Trump's personal income tax plan outlines four brackets instead of seven, and is calling for a corporate tax rate of 15%. He actively opposes corporate tax inversions, the practice of U.S. corporations moving their headquarters to lower tax rate countries.
Minimum Wage--Clinton vs. Trump
The elevation of minimum wage is a big issue with small business owners. Clinton believes the federal minimum wage should be increased to $12 and, in some cases, $15, at the state and local level.
During a debate, Trump stated he felt wages were too high and that helps to create America's inability to compete on a global level. He also says, "I never said wages are too high, only that a minimum wage increase would make them too high." Essentially, Trump currently opposes a hike in minimum wage.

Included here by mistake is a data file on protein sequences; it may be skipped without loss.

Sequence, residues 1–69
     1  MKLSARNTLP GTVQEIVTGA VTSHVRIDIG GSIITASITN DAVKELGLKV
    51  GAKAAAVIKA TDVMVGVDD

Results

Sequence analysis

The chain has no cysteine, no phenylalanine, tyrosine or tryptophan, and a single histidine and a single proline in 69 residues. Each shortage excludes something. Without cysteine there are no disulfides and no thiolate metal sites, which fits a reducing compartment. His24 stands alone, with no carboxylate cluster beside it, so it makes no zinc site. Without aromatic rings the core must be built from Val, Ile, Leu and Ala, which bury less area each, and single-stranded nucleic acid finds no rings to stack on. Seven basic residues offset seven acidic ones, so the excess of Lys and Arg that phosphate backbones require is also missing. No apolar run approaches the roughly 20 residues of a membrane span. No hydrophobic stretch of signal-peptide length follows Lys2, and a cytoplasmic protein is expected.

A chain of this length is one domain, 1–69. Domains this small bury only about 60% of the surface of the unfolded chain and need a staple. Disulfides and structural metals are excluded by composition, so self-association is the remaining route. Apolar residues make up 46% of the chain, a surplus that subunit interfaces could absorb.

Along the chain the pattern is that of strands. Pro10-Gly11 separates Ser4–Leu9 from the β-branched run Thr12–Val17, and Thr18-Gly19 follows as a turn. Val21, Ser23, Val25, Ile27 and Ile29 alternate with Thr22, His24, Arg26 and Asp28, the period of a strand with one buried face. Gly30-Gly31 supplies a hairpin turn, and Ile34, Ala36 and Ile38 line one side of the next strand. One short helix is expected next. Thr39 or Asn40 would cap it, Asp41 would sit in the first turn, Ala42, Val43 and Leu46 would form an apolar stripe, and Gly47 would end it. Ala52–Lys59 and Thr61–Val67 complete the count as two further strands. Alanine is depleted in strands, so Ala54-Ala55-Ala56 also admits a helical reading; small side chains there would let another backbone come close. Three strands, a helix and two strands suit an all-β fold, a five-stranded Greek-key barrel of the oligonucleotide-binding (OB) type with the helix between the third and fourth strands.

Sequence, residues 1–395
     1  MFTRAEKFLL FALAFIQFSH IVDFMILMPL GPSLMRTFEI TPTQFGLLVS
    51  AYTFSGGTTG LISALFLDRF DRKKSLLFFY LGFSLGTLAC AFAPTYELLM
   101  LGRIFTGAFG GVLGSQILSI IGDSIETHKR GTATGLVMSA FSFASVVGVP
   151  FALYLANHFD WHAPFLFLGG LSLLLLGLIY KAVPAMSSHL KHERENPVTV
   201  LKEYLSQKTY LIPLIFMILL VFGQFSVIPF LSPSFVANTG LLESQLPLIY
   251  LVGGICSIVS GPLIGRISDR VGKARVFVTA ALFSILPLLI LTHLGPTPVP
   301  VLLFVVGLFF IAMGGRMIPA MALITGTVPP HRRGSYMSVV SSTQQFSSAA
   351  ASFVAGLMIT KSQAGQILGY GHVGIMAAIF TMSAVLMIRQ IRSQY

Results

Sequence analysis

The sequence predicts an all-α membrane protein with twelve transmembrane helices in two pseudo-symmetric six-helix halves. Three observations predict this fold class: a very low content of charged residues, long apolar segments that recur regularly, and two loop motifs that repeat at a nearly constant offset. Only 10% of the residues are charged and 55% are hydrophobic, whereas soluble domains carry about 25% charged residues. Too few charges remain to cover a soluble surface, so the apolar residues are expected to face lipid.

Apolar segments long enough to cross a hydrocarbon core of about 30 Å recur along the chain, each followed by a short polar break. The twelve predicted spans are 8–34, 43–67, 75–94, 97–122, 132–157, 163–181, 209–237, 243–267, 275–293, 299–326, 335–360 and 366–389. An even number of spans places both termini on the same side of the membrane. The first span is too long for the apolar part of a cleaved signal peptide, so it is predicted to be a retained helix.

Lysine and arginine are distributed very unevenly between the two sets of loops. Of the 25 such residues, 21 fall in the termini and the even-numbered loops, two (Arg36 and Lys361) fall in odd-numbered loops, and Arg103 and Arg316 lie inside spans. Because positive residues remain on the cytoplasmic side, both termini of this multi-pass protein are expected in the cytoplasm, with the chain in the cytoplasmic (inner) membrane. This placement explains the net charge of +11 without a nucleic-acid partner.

Business Regulations--Clinton vs. Trump
Clinton continues to favor small business, and she plans to start a nationwide effort to cut red tape for small businesses at every level of government. Part of that includes the support of wage and financial regulations, along with equal pay mandates for employees and paid family leave.
In his book, The America We Deserve, Trump wrote, "Most of us think the American Dream is a birthright, but without constant care and vigilance, it can and will be whittled down to nothing. The threatening agent is not some foreign power, but people who don't understand the proper relationship between the public and private arenas. In other words, the greatest threat to the American Dream is the idea that dreamers need close government scrutiny and control. Job one for us is to make sure the public sector does a limited job, and no more." His position on that remains unchanged.